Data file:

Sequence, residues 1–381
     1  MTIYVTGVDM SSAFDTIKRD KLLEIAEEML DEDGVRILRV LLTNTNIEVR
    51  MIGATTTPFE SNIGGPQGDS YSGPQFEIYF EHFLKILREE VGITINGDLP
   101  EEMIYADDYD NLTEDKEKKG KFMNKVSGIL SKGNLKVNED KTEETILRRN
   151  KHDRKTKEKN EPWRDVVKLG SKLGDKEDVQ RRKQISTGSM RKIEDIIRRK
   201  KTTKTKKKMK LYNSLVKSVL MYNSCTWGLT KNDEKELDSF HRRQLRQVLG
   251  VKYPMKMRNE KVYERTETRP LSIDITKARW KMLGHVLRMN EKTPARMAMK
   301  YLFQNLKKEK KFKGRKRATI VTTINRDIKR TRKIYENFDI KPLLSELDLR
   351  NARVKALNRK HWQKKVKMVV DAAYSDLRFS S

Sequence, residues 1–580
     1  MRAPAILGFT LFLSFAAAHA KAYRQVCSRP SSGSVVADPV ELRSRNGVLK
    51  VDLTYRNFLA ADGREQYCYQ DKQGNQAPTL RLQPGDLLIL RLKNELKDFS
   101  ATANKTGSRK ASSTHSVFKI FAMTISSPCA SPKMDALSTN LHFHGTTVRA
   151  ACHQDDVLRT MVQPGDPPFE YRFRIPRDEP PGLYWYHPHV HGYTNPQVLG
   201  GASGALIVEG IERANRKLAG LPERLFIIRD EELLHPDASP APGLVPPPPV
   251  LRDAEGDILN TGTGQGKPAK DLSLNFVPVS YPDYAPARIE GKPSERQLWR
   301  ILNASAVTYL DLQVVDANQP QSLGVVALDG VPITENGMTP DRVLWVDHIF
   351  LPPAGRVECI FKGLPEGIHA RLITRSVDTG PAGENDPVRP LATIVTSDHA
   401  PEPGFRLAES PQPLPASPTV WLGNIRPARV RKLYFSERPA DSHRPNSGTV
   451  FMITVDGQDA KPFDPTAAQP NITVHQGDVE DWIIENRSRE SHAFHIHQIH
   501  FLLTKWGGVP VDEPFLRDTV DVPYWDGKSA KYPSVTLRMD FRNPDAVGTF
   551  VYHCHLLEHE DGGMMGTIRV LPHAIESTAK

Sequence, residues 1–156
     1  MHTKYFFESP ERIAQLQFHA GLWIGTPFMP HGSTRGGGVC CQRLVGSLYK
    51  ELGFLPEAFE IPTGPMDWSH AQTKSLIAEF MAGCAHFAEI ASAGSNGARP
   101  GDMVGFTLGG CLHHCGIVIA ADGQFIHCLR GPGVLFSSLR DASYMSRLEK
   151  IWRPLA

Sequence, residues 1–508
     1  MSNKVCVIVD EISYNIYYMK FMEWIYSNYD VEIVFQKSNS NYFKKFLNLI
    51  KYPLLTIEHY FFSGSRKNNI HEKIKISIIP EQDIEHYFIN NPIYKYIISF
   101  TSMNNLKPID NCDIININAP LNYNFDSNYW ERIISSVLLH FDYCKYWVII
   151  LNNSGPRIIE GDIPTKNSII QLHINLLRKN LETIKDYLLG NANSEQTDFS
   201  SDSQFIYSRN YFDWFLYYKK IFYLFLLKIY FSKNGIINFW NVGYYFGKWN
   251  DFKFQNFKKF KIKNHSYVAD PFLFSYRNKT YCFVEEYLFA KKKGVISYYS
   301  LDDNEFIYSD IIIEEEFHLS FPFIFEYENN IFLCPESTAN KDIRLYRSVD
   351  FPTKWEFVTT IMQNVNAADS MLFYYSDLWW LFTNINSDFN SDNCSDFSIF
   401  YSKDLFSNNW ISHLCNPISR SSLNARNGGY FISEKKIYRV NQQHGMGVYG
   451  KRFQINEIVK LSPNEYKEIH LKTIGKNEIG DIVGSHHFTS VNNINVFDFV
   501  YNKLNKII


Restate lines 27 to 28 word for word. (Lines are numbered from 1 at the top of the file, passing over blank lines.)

   151  IWRPLA

Sequence, residues 1–508